Component or button or anything in the design, in the design that should go there. Um, it was just this like moment of like, wow, like within like two or three hours of work, like we have something very promising here. Um, and we went home, you know, super excited about, you know, what can we do with [00:21:00] this? And I think it was that night that chat GPT came out as well.

So I remember I remember sitting in the hotel with sid, which is a founding engineer at diagram and like messing around with this thing. And just like being like, like just completely blown away. And you could just tell that, like, based on what we were working on and kind of, it was just this moment of like, okay, AI has definitely arrived.

And like, yeah. And the next like two, three months from there, you just saw this complete explosion of all these different AI experiments and people being very aware of it, using chat to BT. And it's kind of just kind of like off to the races since then.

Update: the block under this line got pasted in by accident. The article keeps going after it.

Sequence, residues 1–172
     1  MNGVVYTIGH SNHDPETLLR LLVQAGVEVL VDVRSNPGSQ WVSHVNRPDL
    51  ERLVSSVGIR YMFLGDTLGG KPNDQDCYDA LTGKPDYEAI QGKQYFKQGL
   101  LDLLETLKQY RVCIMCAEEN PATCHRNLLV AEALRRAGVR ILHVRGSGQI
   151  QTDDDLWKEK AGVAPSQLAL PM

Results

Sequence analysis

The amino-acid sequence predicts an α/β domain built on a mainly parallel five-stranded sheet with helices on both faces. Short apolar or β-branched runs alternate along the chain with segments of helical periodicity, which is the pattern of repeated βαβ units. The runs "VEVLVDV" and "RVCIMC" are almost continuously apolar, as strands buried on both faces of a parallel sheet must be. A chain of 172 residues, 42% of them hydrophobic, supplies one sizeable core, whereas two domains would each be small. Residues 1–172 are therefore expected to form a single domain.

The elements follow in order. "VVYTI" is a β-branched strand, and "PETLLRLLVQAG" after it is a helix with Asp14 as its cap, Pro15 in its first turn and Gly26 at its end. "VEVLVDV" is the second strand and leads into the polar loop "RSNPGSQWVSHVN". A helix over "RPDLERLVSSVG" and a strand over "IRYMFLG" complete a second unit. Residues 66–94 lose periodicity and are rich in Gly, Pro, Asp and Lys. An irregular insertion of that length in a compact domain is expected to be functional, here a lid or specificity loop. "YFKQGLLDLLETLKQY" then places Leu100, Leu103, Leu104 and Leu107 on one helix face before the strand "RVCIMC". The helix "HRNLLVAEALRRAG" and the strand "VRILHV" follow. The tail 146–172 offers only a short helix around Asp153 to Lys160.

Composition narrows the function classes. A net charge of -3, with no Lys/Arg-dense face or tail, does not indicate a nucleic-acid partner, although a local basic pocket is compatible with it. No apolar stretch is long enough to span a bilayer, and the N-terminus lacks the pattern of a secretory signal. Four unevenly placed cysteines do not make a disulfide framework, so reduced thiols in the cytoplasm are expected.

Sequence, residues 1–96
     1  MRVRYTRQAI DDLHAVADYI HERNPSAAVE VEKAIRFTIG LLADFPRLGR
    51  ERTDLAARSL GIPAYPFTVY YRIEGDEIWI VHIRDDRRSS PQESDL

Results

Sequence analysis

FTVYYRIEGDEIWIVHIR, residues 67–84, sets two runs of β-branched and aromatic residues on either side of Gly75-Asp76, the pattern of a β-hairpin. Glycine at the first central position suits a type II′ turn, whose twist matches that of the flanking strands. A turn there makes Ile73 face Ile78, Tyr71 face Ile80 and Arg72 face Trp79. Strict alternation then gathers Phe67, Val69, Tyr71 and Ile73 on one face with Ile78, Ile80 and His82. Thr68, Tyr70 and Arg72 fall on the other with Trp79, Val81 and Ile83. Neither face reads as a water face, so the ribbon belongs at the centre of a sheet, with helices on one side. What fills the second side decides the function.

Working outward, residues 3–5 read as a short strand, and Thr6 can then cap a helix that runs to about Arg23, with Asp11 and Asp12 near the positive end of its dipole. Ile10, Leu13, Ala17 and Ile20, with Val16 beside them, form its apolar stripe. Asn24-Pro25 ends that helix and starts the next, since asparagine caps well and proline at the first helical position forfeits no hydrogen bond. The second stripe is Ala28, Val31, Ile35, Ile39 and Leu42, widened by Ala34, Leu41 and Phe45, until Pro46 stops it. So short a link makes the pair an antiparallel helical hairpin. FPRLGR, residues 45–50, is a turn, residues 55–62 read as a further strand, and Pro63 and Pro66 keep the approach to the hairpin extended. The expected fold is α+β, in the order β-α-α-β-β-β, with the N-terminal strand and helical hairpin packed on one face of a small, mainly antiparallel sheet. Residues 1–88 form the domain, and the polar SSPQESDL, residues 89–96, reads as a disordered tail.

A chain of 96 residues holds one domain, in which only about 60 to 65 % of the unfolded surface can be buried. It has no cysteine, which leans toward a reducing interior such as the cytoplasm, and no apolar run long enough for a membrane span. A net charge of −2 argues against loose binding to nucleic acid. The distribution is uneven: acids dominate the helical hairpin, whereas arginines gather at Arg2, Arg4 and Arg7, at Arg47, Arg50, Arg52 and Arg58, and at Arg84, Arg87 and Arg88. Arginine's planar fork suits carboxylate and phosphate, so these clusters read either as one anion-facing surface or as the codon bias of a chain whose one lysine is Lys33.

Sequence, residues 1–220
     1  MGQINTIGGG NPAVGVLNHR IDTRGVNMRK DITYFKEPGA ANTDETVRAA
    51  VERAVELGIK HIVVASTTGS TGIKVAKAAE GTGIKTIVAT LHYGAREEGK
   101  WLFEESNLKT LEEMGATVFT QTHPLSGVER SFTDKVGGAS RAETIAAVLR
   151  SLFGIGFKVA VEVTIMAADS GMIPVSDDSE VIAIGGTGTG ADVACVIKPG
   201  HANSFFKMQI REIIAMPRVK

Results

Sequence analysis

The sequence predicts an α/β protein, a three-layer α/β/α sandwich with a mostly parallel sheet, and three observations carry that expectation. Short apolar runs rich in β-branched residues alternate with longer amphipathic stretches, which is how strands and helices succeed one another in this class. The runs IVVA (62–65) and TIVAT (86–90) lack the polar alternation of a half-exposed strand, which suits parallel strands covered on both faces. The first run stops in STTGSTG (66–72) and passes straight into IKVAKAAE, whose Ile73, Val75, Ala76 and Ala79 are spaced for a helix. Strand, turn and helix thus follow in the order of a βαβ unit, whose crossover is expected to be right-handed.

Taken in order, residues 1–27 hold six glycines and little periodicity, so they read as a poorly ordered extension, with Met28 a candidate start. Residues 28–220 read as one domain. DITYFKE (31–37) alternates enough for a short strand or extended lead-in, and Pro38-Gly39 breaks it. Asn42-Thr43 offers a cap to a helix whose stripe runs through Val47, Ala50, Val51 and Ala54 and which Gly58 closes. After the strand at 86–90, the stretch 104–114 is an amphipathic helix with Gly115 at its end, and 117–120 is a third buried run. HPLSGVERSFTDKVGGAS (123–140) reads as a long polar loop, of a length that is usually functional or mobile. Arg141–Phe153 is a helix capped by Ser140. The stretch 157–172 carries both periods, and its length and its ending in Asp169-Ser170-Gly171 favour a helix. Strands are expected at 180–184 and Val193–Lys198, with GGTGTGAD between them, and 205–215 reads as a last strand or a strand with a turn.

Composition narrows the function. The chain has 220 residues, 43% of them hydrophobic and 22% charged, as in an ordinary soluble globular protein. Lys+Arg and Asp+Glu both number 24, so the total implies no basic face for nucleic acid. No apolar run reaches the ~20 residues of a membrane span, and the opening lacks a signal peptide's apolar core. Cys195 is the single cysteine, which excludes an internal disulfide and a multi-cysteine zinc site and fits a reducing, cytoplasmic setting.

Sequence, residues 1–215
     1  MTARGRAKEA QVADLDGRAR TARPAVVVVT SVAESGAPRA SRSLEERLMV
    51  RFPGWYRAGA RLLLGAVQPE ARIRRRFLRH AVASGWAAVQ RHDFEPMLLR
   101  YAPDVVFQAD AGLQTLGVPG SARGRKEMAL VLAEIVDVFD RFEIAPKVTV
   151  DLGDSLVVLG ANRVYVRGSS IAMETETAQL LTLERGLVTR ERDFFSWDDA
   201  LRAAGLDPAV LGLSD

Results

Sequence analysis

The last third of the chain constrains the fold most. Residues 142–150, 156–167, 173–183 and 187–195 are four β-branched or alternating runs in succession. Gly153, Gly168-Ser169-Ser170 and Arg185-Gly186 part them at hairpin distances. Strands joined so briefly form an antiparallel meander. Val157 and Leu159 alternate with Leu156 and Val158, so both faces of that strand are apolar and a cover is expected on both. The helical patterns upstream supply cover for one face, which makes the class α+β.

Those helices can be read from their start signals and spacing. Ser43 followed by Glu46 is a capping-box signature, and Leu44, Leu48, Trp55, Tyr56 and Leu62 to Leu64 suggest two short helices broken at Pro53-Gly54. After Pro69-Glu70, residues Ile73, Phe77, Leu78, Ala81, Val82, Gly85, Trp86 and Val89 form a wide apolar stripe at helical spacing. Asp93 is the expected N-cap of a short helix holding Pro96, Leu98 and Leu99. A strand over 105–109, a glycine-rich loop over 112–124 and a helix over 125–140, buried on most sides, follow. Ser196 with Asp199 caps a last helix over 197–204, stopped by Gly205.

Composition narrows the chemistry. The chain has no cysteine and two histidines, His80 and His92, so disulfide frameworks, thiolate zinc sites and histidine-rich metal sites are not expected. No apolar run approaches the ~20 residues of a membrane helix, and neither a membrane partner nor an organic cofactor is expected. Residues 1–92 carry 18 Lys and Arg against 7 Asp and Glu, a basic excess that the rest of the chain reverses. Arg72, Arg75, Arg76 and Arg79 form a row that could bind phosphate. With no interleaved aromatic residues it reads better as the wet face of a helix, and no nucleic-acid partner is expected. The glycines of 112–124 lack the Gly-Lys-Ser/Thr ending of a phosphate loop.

What the daily design role at Diagram looked like

Something that I think that's really interesting about your role versus roles that.

I've had in the past is I think a lot of designers, you know, they set up to solve problems and in some ways you kind of are, but it feels a little bit more indirect than a traditional product design role. Like you're more just tinkering at the very fringe of technology and a big part of what it looks like to [00:22:00] design is to figure out.

What's even possible. So can you talk a little bit about what did design at diagram on a daily basis actually look like? What, what were the kinds of things that you were exploring? And, you know, in my head, I can't even begin to imagine what you were even creating inside of Figma versus just playing with chat to BT and working with engineering.

So can you just shed a little bit of light? To help people understand what it was like in the early days to be a designer at diagram. It was very, very experimental and very exploratory heavy. Like, and I think Jordan just has a way of working like this in a very like visionary way of let's try a bunch of little different things and see like what feels good.